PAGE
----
First, I would like to stress the fact that you did a excellent job writing this post as it is extensively detailed and pertinent. I wrote a post which presents a comparison between Canada and United States journalistic coverage about cases of priests of the Catholic Church who sexually abused children. My post may interest you because I included in it a section where I compared global news and local produced articles which is connected to your post. I found your arguments about journalism integrity very interesting, but also, they give credit to my argument about the importance of local journalism. In my post I analyzed articles which made me conclude that local journalists have an important role to play in local communities as they achieve a certain status of fine investigators which is a profession that is not secured nowadays. As you said, the lack of resources affect journalists capacity to produce work of quality which I demonstrated the importance in my post. In short, our posts could be complementary since you draw the facts about the present situation of local journalism while I argued how they are still very important.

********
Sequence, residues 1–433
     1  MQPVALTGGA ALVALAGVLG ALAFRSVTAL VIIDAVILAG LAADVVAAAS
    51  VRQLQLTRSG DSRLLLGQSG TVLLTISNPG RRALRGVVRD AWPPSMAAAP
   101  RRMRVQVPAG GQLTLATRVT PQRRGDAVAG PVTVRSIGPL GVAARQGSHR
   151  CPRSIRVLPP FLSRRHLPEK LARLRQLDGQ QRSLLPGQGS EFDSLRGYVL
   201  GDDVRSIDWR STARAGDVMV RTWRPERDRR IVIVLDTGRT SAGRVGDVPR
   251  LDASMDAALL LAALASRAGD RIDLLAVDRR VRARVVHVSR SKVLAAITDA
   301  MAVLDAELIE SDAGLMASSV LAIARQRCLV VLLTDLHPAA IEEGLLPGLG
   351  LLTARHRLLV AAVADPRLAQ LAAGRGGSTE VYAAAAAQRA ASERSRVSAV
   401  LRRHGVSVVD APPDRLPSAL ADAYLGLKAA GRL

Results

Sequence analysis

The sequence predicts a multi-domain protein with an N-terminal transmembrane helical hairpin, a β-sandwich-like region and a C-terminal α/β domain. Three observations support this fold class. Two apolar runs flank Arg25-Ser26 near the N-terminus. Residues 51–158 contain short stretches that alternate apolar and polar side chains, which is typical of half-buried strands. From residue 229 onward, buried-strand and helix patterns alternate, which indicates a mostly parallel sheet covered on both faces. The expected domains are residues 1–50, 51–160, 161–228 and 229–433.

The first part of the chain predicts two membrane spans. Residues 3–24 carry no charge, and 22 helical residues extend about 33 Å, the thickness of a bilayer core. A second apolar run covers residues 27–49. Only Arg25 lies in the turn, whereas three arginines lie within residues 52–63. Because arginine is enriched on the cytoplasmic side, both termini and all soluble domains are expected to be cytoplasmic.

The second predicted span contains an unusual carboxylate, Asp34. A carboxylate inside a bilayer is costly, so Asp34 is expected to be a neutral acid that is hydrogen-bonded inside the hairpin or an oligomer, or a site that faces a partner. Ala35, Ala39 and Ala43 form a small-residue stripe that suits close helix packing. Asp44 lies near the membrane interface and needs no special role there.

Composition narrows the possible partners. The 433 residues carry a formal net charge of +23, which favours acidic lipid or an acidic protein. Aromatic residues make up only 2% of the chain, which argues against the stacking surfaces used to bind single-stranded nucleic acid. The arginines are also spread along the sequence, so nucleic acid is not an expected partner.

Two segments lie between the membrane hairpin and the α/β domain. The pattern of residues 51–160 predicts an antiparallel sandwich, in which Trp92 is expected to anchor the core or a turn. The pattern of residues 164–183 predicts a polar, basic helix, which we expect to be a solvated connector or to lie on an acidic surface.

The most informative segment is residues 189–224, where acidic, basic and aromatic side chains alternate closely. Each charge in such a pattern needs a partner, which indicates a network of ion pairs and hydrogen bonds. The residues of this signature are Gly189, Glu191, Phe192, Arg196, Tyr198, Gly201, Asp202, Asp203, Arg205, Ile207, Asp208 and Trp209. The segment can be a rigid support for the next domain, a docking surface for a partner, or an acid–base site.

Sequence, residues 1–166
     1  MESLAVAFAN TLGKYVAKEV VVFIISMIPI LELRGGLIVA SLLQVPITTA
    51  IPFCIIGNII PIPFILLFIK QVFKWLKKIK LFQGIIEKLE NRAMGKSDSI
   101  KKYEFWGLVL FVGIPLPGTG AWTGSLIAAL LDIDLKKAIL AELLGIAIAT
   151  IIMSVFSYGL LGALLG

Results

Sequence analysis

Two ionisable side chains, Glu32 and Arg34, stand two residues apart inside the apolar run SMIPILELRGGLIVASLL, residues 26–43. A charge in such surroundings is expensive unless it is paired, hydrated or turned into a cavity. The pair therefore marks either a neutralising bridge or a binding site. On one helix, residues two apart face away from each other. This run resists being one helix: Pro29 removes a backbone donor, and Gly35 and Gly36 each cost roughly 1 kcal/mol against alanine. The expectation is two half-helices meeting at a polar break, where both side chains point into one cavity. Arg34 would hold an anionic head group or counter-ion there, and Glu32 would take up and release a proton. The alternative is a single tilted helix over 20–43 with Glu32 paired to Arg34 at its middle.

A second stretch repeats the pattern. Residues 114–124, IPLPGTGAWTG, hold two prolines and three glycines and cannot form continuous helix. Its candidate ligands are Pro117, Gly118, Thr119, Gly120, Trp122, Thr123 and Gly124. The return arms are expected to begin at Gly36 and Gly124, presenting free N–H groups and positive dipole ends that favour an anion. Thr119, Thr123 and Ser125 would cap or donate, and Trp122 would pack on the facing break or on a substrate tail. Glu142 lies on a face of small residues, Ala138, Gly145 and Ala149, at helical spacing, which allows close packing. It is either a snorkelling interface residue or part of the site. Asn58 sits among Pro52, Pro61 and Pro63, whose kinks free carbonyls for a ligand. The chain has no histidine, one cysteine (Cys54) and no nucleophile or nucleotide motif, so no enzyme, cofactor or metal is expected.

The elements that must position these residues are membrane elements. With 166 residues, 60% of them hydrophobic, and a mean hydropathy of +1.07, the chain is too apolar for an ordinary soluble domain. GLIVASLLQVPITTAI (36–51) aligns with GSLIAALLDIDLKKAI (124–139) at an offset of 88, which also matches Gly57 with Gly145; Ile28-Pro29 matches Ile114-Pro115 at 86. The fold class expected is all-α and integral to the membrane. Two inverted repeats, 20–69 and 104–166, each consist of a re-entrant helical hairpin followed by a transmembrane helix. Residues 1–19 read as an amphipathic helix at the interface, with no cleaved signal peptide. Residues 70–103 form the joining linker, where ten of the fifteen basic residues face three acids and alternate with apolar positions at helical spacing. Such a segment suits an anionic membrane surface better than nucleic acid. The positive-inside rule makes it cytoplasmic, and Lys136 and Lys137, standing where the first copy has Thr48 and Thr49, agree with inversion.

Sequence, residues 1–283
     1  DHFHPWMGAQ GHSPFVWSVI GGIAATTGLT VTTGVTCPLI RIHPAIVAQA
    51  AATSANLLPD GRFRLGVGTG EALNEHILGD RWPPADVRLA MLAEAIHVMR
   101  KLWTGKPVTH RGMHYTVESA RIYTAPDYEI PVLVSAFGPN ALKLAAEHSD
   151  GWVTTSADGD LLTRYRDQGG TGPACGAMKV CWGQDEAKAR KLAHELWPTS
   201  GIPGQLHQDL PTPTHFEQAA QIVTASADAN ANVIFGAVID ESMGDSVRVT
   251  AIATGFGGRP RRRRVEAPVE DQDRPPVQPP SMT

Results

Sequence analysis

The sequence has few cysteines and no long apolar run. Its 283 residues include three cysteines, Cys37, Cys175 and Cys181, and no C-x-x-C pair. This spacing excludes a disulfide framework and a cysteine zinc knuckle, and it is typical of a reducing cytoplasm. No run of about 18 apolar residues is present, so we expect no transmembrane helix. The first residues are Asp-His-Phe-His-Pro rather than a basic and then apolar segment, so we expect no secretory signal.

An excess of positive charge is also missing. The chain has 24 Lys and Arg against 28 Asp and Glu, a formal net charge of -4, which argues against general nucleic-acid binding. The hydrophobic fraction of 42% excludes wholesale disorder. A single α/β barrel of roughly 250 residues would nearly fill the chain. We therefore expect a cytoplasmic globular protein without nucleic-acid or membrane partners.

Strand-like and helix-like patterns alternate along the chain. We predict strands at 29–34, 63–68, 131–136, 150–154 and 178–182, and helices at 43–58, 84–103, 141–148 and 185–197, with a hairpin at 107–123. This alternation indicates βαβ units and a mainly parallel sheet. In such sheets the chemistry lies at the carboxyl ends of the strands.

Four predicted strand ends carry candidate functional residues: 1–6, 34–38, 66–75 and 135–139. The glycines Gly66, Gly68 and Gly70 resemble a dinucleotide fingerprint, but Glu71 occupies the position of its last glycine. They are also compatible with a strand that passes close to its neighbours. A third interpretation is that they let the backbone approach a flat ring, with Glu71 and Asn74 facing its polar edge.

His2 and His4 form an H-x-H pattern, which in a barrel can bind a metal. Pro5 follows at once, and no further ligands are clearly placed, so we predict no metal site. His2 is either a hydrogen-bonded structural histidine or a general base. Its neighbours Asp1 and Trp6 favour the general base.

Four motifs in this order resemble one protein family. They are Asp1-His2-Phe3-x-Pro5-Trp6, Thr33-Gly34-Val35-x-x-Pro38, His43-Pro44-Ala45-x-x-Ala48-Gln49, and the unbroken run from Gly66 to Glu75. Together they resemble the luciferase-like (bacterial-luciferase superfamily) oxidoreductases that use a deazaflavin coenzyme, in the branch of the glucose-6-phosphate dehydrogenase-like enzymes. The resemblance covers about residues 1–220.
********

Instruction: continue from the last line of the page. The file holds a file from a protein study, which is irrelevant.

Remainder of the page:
Here is a link to my post: